HOME > Chowhound > Cookware >

Discussion

Backyard Smokers?

  • 14
  • Share

OK, I'm about to make the fateful leap into the world of smoking my own meats.
I need some insight into the subject and some suggestions on smokers that offer the best value for the dollar. I'm looking to do pork, brisket, turkeys and sausage. I'd like to try to keep it under $300 if at all possible but I don't want to buy something that I will replace in 2 years.
Thanks!

  1. Click to Upload a photo (10 MB limit)
Delete
Posting Guidelines | FAQs | Feedback
Cancel
  1. Weber Smokey Mountain

    Hassle-free smoking with very long cook times on a single load of fuel. All the informational support you could ever want from http://virtualweberbullet.com/

    1 Reply
    1. re: Chimayo Joe

      Thanks Joe. Good stuff here.

    2. Here is a resource I used when I bought a smoker recently. http://bbq.about.com/od/smokers/bb/aa... I ended up buying the cheapest Cookshack smoker, and I've been very happy with the results. The forum on the Cookshack site also has a lot of recipes and helpful information. A lot of people like the charcoal smokers, but I really wanted something that would be so easy that I'd use it often. So far so good...

      1 Reply
      1. re: mbox

        Thank You mbox. This will be VERY helpful.

      2. If you want a smoker that you wont get tired of in a couple of years and that will last a lifetime go to cookshack.com and read some of the post on their forum. You might have to spend 400 to 500 for a stainless steel smoker but you wont regret it, they are very high quality.

        1. I HIGHLY recommend the New Braunsfels Bandera. I got mine for $200 at Academy, then added a good $30 professional temperature gauge and a $20 cover. There are a few minor modifications you can make (I added a small heat baffle, and will probably add a customized charcoal basket in the near future - but you certainly don't need to do this).

          Basically, its a large vertical box, with a smaller fire box on the side. It has more cooking space than basically any other smoker out there (over 1000 square inches - which is good enough for over 200 lbs of meat), but takes up far less room than drum-style smokers, due to the vertical alignment.

          It's extremely strong, and can handle full log burning - other than one chimney-starter load of charcoal to get the fire going, I only use logs for smoking.

          Oh yeah, and the fire box doubles as a decent-sized grill.

          I did a lot of research before buying mine, and short of spending several thousand on a large professional-grade smoker, this was by far the best smoker I could find - much better than a lot of units that are twice the price (or more).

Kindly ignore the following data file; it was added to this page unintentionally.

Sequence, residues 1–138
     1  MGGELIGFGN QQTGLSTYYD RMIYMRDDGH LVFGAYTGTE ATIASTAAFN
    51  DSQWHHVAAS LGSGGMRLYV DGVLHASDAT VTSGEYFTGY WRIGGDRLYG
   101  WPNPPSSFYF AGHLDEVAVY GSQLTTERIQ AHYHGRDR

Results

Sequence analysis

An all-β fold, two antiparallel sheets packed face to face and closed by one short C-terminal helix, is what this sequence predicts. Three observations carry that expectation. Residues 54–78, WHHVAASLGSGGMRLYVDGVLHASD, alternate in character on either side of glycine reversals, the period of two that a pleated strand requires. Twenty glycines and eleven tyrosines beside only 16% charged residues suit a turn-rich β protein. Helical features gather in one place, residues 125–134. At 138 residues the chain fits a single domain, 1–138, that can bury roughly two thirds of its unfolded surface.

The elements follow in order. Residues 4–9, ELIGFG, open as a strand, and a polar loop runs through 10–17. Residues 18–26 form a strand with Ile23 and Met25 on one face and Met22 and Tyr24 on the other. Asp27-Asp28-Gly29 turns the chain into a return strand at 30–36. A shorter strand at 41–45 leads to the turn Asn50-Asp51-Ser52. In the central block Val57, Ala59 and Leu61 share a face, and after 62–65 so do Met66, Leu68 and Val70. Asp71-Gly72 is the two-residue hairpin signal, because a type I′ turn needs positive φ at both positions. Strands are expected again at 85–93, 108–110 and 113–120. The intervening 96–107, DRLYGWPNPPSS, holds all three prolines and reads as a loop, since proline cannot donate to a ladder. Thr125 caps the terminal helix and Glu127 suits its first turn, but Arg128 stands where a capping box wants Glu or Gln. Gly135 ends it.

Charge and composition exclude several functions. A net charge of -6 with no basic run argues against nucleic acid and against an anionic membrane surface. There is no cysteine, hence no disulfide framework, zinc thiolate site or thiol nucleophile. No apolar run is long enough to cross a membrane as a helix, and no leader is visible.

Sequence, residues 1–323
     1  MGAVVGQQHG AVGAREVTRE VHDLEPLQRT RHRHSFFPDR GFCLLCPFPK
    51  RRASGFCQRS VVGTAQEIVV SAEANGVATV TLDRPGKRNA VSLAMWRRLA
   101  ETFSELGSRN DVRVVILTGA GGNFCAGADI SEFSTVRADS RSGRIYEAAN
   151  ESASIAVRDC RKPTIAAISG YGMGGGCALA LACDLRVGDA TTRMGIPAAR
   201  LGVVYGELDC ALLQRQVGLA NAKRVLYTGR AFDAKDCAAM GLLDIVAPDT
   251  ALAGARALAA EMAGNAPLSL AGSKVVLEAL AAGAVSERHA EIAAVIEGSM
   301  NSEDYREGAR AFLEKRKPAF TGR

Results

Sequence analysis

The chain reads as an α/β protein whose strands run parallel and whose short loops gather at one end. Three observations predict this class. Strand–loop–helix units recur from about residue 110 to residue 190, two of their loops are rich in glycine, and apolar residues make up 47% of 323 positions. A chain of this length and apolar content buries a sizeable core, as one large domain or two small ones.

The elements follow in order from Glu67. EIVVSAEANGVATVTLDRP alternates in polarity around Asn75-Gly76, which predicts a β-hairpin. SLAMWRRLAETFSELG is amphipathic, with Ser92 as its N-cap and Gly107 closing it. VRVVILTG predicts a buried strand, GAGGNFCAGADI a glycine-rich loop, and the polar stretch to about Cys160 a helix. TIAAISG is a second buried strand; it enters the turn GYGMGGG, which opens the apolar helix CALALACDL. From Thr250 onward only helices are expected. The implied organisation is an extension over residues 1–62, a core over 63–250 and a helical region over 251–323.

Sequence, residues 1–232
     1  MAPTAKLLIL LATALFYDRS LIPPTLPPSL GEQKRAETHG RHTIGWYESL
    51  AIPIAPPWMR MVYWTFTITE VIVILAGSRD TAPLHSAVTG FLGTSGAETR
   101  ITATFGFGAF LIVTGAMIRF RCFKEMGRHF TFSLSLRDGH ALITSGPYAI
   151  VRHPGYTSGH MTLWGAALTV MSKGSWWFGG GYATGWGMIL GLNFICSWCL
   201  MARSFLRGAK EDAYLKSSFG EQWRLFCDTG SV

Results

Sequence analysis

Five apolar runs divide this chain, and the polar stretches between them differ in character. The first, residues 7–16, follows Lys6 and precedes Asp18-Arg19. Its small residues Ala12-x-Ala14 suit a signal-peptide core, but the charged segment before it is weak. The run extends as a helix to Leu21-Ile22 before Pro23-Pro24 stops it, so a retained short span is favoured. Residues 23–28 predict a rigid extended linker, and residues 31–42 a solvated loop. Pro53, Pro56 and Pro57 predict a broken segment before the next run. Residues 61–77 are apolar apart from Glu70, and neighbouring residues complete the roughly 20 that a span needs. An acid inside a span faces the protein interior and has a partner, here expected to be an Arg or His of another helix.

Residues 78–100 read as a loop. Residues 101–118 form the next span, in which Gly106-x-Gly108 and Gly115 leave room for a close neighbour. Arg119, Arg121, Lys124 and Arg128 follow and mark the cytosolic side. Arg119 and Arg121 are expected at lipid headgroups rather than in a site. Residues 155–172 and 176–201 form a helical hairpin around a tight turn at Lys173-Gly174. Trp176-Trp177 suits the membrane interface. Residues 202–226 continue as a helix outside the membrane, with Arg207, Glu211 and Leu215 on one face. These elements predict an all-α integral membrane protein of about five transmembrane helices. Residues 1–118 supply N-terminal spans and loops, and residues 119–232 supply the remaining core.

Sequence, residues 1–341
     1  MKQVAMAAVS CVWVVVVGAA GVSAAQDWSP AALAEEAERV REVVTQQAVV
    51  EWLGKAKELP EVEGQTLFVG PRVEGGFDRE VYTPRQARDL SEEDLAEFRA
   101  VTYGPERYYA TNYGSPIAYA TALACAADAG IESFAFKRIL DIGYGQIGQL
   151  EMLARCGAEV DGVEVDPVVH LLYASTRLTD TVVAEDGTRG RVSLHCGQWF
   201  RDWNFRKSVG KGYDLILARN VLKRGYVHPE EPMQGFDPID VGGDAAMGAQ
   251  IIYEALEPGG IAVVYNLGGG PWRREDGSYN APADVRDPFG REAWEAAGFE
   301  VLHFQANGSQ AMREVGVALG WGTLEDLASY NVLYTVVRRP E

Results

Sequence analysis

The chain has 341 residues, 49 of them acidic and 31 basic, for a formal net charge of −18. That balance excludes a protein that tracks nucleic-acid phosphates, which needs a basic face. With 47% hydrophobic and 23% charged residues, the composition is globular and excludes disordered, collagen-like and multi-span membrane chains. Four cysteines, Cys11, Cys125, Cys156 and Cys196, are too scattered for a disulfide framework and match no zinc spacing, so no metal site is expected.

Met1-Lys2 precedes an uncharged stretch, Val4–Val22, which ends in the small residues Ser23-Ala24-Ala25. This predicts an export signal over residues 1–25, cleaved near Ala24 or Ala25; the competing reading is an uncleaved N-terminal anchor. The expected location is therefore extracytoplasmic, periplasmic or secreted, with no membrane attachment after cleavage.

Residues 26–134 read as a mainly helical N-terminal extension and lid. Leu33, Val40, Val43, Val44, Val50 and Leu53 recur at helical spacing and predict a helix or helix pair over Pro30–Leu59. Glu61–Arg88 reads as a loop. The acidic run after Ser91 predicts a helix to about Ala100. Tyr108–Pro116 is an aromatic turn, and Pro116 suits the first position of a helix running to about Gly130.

There's also a Yahoo group dedicated to the Bandera, which can offer you a lot of helpful hints for using it. I've had nothing but great results with mine.

          http://www.academy.com/index.php?page...

          1 Reply
          1. re: mhiggins

            I'll add to the chorus of folks who've suggested the Weber Smokey Mtn. I had a Bandera that I've replaced b/c it was just too much fire tending to do long cook sessions. Tightness with respect to air is the key to controlling your fire (and not going through a bootyload of fuel). The Bandera is far from that, even with lots of time spent on aftermarket modifications. The WSM is the least-expensive option that gets you there.

          2. Before you commit, you might want to try an inexpensive electric or charcoal smoker first in order to see if you really want to do this. The big box stores sell very effective $30 smokers -- provided that it is not a really cold winter day, as the thin outside makes the temperature a little hard to maintain in January. We tried the electric model, which was really easy and did not require fire "tending", and had great results for years before making a bigger commitment. Only drawback with electric versus charcoal is that you shouldn't use electric in the rain. If it tends to be wet, go with the charcoal version. Why invest so much money and backyard space if you have never tried it?

            1 Reply
            1. re: RGC1982

              I agree with this advice. I recently bought the Brinkmann Gourmet which was $50 ($60 electric) at Lowe's. I had tenuous approval from the wife to buy a WSM but neither of us was too keen on spending $200+ on a new "hobby" that I had never even tried. For $60 I felt much better about giving it a shot with no big loss if I don't end up doing it very often or find that I hate doing it. I went home and looked for some reviews first and the consensus I got was "You can get better smokers. You can't get a better $50 smoker, though."

              At $50-$60 you don't have much to lose, so it seems like a good way to get started. I have so far used mine twice with excellent results. I chose the electric model because I did not want not having any charcoal or not wanting to tend the fire all day to be a barrier to actually using the thing. I'm really glad I got it now. In fact if I were to later upgrade to something better, I would probably either keep the electric one around or get one with a gas or electric option so that I can still do things the "easy" way when the mood suits.

              The only negatives so far is that the wood chunks seem to throw out more smoke than they should...most places I read say smoke should be barely visible but if I drop 2 chunks in at once, there will be a period of roughly 20 min (out of about an hour) where there is quite a bit of smoke. It hasn't resulted in a bitter flavor, though I am a bit concerned about my neighbors getting annoyed. Next time I may try letting the whole thing get up to temp before putting the wood chips in...that might help. If I put just one chunk in at a time, the smoke does not get too thick.

              You would be able to regulate this better with the charcoal model.

              The electric model has no temp. control. I checked mine with an oven thermometer the first time I used it and it pretty much stuck right around 250 degrees, which is probably fine for most "standard" applications.

              I have a set of long grill tongs and I've been able to use them to drop wood chunks in during the smoking process without taking the whole thing apart. You just have to be careful not to let them touch the electric element.

            2. You mention meats that smoke quickly (sausage) as well as ones that can take 16 hours or more (brisket). I'll expand on Chimayo Joe's rec and advise you get a cooker that will run for the whole 16+ hour session without refueling. If all you cared about was the stuff that'll cook in 5 hours, then any ol' cooker will do.